In my previous post about the history of AHA research grants, I became interested in another early figure within the AHA, Carl J. Wiggers. He was an Albert Lasker Award winner as well as the first editor-in-chief of the AHA journal Circulation Research. He was a fascinating figure.
Dr. Wiggers was born in Davenport, Iowa, USA in 1883 and showed promise in academics early. His high school teachers prodded him to pursue medicine. He couldn’t afford 4-years of college, so he chose to attend the University of Michigan over Johns Hopkins Medical School. At the time U of M only required a high school diploma, while JHU required a college degree. This is the Medical School building at the time (now the School for Natural Resources and the Environment).1
During medical school, Dr. Wiggers was offered a paid student assistantship in physiology to perform research, and upon graduation from medical school in 1906, he was promoted to an instructor in physiology.1 In 1912, Wiggers traveled to German to study with Prof. Otto Frank.
Wiggers apparently smuggled some of Frank’s designs back to his lab in the USA, now at Cornell.2 Wiggers wanted to improve the measurement of blood pressure and intended to use Otto Frank’s reflecting mirror monometer, eventually developing a portable version to bring to the patient’s bedside.1
Although World War I was raging, in 1918, Carl Wiggers was persuaded to accept a position at Western Reserve (now Case Western Reserve) University where he remained throughout his career. Here he could establish his own cardiovascular research center.1
In 1952, the American Heart Association asked Wiggers to organize and edit a new journal focused on basic research on fundamental studies of the cardiovascular system, Circulation – Research.1 The first issue was published in 1953 as Circulation Research (no hyphen) and quickly positioned the journal as a leader in cardiovascular research.3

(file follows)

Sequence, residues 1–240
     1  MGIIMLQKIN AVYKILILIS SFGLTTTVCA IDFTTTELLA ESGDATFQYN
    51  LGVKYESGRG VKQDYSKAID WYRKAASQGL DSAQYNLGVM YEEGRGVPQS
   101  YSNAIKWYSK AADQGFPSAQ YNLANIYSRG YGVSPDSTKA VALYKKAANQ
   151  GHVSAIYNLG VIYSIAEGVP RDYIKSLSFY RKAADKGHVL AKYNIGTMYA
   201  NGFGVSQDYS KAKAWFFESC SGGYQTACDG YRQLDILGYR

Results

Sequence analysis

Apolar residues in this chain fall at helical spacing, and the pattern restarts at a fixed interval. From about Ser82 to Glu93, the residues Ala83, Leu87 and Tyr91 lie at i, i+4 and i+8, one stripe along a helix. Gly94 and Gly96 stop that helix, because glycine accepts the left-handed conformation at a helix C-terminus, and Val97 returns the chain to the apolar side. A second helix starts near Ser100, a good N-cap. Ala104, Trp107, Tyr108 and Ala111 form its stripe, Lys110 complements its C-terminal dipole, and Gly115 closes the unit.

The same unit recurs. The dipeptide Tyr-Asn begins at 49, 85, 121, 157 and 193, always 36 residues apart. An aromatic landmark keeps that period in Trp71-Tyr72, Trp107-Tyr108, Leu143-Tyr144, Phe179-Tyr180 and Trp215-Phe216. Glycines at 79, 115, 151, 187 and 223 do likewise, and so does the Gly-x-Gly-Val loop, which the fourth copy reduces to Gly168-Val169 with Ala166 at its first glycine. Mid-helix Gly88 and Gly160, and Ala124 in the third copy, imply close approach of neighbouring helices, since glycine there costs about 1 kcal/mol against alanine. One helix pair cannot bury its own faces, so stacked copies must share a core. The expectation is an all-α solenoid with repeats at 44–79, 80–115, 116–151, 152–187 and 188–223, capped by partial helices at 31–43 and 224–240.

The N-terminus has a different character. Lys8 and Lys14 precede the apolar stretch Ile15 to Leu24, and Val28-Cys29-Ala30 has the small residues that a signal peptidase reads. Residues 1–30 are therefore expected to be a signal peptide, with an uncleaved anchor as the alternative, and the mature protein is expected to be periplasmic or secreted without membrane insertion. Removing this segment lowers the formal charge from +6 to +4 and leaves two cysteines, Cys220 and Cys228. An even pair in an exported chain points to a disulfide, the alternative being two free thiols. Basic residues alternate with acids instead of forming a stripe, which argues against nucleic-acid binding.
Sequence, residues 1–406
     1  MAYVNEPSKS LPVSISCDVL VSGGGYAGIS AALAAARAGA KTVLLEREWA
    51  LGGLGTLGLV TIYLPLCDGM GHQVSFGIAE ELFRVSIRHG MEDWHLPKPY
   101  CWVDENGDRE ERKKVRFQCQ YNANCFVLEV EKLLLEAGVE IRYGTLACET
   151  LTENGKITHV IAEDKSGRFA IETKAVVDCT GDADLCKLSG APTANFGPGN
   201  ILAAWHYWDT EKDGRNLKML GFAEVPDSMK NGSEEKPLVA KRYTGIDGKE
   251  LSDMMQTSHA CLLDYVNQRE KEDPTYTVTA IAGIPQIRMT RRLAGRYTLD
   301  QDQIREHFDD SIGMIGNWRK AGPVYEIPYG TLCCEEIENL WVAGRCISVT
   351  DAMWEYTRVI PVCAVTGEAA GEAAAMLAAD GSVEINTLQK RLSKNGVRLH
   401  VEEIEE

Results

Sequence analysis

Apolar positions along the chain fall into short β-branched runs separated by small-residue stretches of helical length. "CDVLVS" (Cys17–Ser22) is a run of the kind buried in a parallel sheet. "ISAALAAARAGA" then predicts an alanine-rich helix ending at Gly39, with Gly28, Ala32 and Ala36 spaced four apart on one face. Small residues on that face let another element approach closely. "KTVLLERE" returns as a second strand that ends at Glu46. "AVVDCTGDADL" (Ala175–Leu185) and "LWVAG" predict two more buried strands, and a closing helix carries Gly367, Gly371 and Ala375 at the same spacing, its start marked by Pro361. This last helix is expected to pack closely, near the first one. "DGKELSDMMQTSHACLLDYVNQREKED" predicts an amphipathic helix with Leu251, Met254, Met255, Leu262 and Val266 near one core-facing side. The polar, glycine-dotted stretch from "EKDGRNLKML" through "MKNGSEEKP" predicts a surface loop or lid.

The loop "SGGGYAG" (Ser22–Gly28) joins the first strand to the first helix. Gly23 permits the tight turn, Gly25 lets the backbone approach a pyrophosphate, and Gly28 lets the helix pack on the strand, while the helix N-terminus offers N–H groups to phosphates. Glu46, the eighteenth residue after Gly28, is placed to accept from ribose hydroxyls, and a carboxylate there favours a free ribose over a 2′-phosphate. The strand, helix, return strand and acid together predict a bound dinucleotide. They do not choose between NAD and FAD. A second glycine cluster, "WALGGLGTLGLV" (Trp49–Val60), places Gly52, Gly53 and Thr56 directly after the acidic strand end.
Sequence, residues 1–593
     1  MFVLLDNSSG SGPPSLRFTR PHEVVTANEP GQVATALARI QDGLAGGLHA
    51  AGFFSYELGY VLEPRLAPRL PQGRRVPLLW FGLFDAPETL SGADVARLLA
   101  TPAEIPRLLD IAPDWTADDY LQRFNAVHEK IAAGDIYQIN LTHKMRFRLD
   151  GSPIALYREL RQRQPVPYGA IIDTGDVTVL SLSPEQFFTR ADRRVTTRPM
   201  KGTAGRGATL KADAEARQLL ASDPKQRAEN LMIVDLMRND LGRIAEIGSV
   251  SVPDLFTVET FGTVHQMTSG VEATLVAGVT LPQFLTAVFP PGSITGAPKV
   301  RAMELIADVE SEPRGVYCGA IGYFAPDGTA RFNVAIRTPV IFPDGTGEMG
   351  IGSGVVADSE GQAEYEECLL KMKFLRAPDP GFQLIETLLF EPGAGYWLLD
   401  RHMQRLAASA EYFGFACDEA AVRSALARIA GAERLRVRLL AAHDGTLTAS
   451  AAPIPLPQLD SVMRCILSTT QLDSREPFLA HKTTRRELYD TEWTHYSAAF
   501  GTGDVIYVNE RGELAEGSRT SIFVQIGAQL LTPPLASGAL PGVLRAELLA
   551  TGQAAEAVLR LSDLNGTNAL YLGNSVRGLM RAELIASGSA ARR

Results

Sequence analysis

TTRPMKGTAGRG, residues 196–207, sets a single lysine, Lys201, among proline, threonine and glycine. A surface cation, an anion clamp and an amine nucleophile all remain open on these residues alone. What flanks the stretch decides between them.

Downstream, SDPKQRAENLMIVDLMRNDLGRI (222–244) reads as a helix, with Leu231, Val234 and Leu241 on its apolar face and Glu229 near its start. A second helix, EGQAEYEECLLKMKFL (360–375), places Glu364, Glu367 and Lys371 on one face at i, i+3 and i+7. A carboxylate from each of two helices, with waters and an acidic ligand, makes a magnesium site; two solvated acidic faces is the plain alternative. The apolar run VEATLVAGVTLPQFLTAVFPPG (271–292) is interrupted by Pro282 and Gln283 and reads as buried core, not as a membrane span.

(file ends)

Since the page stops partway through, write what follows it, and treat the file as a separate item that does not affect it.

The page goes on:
At Western Reserve, Wiggers published over 400 original manuscripts and was instrumental in the career of many individuals including Nobel Prize winner Corneille Heymans in 1930. He was committed to training so much so that he often granted sole authorship to early investigators to further their careers.1
Wiggers is famous for his Wiggers Diagram as well as being a member of the National Academy of Sciences, an AHA Gold Hear Award recipient, and Lasker Award winner.1 He was a pioneer in physiology who continues to have a lasting impact today.
- Eugene M. Landis. 1976. Carl John Wiggers 1883-1963. National Academy of Sciences www.nasonline.org/publications/biographical-memoirs/memoir-pdfs/wiggers-carl.pdf
- Am J Physiol. 1998 Apr;274(4):L467-74. doi: 10.1152/ajplung.1998.274.4.L467.
- Origin and Early Years. Arnold M. Katz. Circulation Research. 2001;88:1105–1111. https://doi.org/10.1161/hh1101.091991
- Wikipedia. Modified from ugawara M, Uchida K, Kondoh Y, et al. Aortic blood momentum–the more the better for the ejecting heart in vivo? Cardiovasc Res 1997;